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Attaching a Sealed Record to a Brief

Kline is accused of attaching a sealed document to a public brief in disregard of women’s privacy.

Mr. Hazlett claims that Phill Kline’s office “prejudiced the administration of justice” when its public brief presented legal arguments that had previously been made to a lower court. The claim is as odd as it sounds.

In the fall of 2004, Kline’s investigators presented evidence to Judge Richard Anderson. The evidence appeared to show abortion clinics in Kansas were failing to report child rape in violation of Kansas law. Sure enough, the judge reviewed the evidence and found probable cause to believe that the records contained evidence of crimes. He therefore issued a subpoena to the clinics for their records. The clinics fought the subpoena.

Judge Anderson overruled the clinics’ motion to quash the subpoenas and ordered that the they produce the records to his court by October 15, 2004.

In response, the clinics refused production and instead sued Judge Anderson and Mr. Kline in what is called a “mandamus” action . Such lawsuits are filed directly with the Kansas Supreme Court.

Typically, the target of a criminal investigation does not have the ability to sue in that fashion. If the target of a criminal investigation takes issue with subpoenas or evidence, the target files a Motion to Suppress the evidence at any resulting criminal trial. If convicted, the defendant then has a right to appeal the conviction and seek to have the conviction overturned and the evidence suppressed.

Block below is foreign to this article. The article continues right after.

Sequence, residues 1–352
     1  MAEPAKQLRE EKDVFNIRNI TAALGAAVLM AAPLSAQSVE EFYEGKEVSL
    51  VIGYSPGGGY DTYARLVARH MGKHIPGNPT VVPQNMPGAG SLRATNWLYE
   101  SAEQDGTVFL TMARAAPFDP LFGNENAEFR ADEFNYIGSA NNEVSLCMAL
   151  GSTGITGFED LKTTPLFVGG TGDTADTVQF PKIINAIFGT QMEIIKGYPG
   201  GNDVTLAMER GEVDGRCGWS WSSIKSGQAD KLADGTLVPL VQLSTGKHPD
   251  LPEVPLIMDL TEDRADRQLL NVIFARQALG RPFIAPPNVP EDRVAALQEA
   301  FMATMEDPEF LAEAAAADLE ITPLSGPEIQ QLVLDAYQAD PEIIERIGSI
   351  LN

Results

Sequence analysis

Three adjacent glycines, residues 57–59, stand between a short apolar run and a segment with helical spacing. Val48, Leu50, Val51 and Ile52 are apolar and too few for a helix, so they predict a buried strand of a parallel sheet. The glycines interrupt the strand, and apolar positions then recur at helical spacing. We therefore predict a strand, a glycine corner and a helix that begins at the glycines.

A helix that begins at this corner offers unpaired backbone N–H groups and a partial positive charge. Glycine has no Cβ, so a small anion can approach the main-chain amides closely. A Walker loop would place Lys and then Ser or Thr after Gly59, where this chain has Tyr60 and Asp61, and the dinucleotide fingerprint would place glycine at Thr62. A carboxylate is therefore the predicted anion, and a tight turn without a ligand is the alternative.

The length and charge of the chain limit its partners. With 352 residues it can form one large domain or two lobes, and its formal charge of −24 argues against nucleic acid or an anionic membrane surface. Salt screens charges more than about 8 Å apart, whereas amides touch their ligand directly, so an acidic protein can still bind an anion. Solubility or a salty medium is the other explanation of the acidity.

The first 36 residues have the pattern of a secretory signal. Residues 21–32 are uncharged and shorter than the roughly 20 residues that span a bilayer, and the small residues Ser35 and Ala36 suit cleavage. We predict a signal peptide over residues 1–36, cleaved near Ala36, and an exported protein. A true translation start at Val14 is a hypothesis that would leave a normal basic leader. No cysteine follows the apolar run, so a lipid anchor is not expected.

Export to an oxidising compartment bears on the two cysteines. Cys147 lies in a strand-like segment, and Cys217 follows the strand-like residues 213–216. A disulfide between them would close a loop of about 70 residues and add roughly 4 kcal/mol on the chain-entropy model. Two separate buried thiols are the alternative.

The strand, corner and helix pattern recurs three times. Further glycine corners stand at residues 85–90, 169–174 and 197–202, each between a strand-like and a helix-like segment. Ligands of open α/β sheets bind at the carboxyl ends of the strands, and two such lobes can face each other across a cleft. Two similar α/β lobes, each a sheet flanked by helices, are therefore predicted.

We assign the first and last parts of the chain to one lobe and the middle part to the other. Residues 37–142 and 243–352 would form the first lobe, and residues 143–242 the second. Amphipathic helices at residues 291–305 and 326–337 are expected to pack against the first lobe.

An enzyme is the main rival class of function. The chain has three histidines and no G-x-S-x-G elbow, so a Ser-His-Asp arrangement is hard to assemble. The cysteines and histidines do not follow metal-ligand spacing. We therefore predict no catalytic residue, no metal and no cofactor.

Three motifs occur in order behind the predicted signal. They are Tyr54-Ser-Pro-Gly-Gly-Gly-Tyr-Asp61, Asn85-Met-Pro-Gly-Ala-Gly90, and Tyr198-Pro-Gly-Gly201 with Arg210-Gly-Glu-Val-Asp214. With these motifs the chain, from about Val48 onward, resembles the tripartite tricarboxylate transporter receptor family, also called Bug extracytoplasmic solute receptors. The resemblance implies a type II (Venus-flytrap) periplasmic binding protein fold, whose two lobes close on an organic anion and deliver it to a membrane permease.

This approach is necessary because if a criminal defendant could immediately appeal each and every lower court decision to order the production of evidence during an investigation, investigations would never end and there would be endless appeals.

Yet, the Kansas Supreme Court allowed this novel challenge, and during the new mandamus lawsuit the Court additionally prevented the execution of the subpoenas.

Almost all crimes have what is called a statute of limitations. This means that after a specific period of time the government is prohibited from bringing a criminal prosecution – even if the evidence exists that a crime was committed. The statute of limitations on the failure to report child sexual abuse was two years at the time.

Kline’s requested subpoenas related to abortions that were performed in 2002 and the first six months of 2003. The Sebelius Administration had already delayed the investigation for months as it produced false information and then delayed production of documents in response to previous subpoenas. The clock was ticking.

Now the Kansas Supreme Court – comprised mostly of Sebelius appointees – delayed the investigation further. They passively held onto the case until January 2006, long after the statute of limitations had run its course.

In other words, the Kansas Supreme Court killed the entire investigation by simply doing nothing.

Kline, however, saw this coming, and acted accordingly. In the Spring of 2005, he added an extension of the statute of limitations into an a large cr ime bill he proposed to the Kansas legislature. The bill enhanced efforts to crack down on methamphetamine and also strengthened penalties on child predators. The bill was several pages long and Governor Sebelius did not catch the extension of the statute of limitations. She signed the bill. Without this extension, the entire investigation would have been lost.